For the teacher, it is important to respect the fact that parents are taking a leap of faith when they place their children in your care. A positive partnership helps parents feel valued and respected by you as an educator. When parents feel valued, respected, and confident in your ability to teach their child, it’s easier for their children to grow and learn. When teachers feel respected and trusted by parents, they can better focus on nurturing the children in their care.

Commenting on the importance of the issue, Mrs Irene Njoku, a mother of three and a retired teacher said “I am a parent, and I have also previously been a classroom teacher. I know that the struggle to have a good working relationship between parents and teachers is real. I also know that having a good working relationship between teachers and parents is an extremely important part of a student’s academic success and reading ability”.

“There have been times in my own relationship with my children’s teachers that I have not been involved. They have had teachers whom I knew well, and there were teachers whom I wouldn’t recognize if I see them on the road. If I switched roles and put on my teacher hat, I could say the same thing about those relationships. There have been parents I’ve known well, and there were parents I wouldn’t have recognized if I ran into them. I could try to put the blame on parents or on teachers, but I would rather make a few observations and suggestions as to how to make the parent-teacher relationship better. I want to focus on three main things: expectations and communication”.

“First, when it comes to expectations, both parents and teachers have them for each other. They expect certain things to happen. Parents expect teachers to instruct their students and to guide their learning so they can have success. Teachers expect parents to support the instruction and learning that happens in school, at home. They also each have expectations for the child/student they share in common. They have expectations for their student’s academic performance, attendance, and behavior both in school and out of school. If these expectations are the same and they are communicated, a synergy will happen, and their relationship can have a powerful effect on the student’s reading ability and learning outcomes. The operative word in all this is communication. When expectations are clearly communicated, both parents and teachers will have a better understanding of their roles in the parent-teacher relationship. They will then know how best to be a supportive part of that relationship”.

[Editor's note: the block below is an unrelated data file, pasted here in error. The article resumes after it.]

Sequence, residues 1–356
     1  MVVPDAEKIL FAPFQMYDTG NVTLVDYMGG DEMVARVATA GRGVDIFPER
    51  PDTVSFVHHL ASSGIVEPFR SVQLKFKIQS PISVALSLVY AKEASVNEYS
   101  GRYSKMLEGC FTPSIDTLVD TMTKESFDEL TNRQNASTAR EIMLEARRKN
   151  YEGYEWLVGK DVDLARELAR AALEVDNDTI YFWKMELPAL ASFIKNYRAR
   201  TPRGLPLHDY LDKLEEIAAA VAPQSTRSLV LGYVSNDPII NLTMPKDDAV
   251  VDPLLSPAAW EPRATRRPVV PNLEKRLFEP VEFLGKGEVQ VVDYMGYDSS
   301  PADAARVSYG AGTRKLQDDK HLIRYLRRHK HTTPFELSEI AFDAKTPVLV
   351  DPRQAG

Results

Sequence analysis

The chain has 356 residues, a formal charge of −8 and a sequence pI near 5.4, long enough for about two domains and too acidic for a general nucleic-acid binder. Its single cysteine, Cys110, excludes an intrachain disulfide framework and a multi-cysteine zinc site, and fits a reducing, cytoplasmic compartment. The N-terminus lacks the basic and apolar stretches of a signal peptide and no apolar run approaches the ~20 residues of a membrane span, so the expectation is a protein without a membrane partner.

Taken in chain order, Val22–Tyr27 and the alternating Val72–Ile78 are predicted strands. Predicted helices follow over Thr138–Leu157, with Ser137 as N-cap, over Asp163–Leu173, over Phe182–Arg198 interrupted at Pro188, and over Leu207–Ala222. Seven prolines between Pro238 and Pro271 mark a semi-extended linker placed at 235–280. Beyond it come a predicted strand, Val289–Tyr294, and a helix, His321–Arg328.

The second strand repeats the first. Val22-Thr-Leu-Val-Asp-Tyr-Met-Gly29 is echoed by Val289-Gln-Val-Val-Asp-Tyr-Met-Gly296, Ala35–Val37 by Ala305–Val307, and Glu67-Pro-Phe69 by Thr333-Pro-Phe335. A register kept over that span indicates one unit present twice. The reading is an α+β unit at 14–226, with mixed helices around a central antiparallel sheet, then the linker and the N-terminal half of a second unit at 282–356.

“Have you ever heard that communication is a two-way street? What does communication have to do with the success of your child’s reading? How often would you like feedback about your child? What kind of feedback do you wish you would get from your child’s teacher? Whose job is it to see that information is given? Are you, as parent, waiting for your child’s teacher to initiate communication? Are you, as the teacher, waiting for the parent to initiate communication? Why wait? Be the one to make the first step. Aren’t you both trying to achieve the same thing? Communication is a key factor for making this relationship work. The parents need information about what and how their child is learning, and the teacher needs important feedback from the parents about the child’s at-home learning and social development. That mutual respect and interdependence of home, school, and the community are essential to children’s academic success and overall development”.